5 Instances When Reevaluating Your Business Insurance Makes Good Business Sense

Jan 03, 2022

Business Insurance

5 Instances When Reevaluating Your Business Insurance Makes Good Business Sense

A survey by the Federal Emergency Management Agency (FEMA) indicates that at least 40% of small businesses don't reopen after a catastrophe, with businesses that lack adequate insurance coverage being more likely to face this situation. One of the main causes of underinsurance in the business space is the failure to reevaluate your business insurance needs regularly. To avoid such a situation, the Insurance Information Institute (III) recommends an annual reevaluation of all your insurance needs to identify your business's underinsured and even over insured areas.

Here is a look at a few instances when reevaluating business insurance makes good sense:

  1. Increased Business Operations

    Property damage, general liability, and business interruption charges are all covered by a business owner's policy (BOP). However, as your business grows, its risk exposure also increases. Even if you had adequate coverage to begin with, reviewing and adding to the existing coverage will be required as your business grows over time.

  2. Adjustment in Your Workforce

    According to the Department of Industrial Relations, the federal government requires every employer to purchase workers' compensation insurance for their employees. This means that your workers' compensation costs will largely depend on the size of your staff. Keeping this in mind, it is good business management practice to reevaluate your worker's comp needs if you've increased or reduced your staff.

  3. Changes in Business Operations

    Per the Corporate Finance Institute (CFI), examples of business operations include, among others, production, marketing, and selling. Any changes in the business operations can also affect the amount of business insurance you require. For instance, you may need to purchase expensive equipment and machinery to ramp up your production, translating to higher insurance costs. On the other hand, if you scale down your production, you may be able to dispose of some expensive machinery, equipment, or even business premises, leading to lower insurance costs. Either way, you should review your business insurance to avoid over-insurance and underinsurance.

  4. Relocation of Business Premises

    Some areas in the U.S. are more prone to natural disasters such as floods, earthquakes, and wildfires. For instance, San Francisco, CA, is one of the cities that experience frequent earthquakes, as reported by the Southern California Earthquake Center (SCEC). If your business is located in a disaster-prone region, your business insurance costs will be higher than in other locations. Suppose you relocate your business or open a new office in an area that is safer from natural disasters. In that case, you should reevaluate your business insurance needs, especially if you want to lower your insurance costs.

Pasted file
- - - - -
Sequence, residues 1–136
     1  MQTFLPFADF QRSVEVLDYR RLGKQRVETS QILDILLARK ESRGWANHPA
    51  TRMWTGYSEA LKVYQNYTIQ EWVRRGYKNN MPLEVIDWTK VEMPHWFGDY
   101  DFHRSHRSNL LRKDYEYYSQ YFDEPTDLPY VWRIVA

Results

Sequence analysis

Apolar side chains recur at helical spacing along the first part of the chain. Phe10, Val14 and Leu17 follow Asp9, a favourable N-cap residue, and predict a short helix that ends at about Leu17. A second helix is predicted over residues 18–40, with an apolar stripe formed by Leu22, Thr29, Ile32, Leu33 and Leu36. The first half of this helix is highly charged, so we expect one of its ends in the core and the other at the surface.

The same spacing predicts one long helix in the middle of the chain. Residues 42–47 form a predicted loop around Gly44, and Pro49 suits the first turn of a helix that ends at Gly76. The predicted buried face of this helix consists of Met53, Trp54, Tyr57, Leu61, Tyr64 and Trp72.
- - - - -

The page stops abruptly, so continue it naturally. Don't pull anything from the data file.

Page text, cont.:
5. Changes in the Type of Goods or Services

    Different industries face different risks. For instance, the transportation industry is particularly prone to car crashes, according to the Farm Bureau Financial Services (FBFS). On the other hand, consultant professionals such as lawyers and doctors are particularly vulnerable to litigation expenses. This means that shifting your business to such high-risk industries/professions might mean you should consider increasing your business insurance coverage. Conversely, you can also lower your coverage if you move from high-risk to low-risk products and services.

  6. Addition of New Products or Services

    Adding new goods to your product line is good as long as you have adequate product liability insurance in case they turn out to be faulty or get stolen from your warehouse. You may be underinsured and liable for what would otherwise be a covered loss if you include them in your insurance coverage.

  7. Using Personal Vehicle for Company Purpose

    It is crucial to have auto insurance for vehicles that your company owns or runs. However, you may also require coverage when your workers drive their personal automobiles on business-related trips. Even if your employees are insured under personal insurance, your firm might still be sued for an auto accident.

  8. Contracts with New Vendors and Clients

    Getting new vendors and clients is excellent, but sometimes the contracts bind you to more than your present insurance covers. Some contracts may require you to carry specific types or amounts of coverage, such as professional liability insurance. Others may need you to add someone to your insurance.

Tips to Mitigate Risks

Apart from relocating to safer grounds, other ways to mitigate risks in your business include:

  • Installing burglar alarms, cameras, and burglar-proof doors
  • Installing smoke detectors and fire extinguishers
  • Making your business buildings resistant to earthquakes
  • Installing a strong cybersecurity infrastructure

When you perform such improvements to your business, you mitigate some of the risks that an insurance company takes to insure your business. This means that the insurance company will charge you lower premiums. That said, be sure to review your insurance once you improve the condition of your business premises.

In essence, reevaluating your business insurance gives you a chance to identify any coverage gaps in your business. For assistance with all your coverage needs and questions, contact the experts at Knight Insurance Services. Our dedicated team is eager to assist you in tailoring the perfect business insurance policy to meet your unique needs and situation.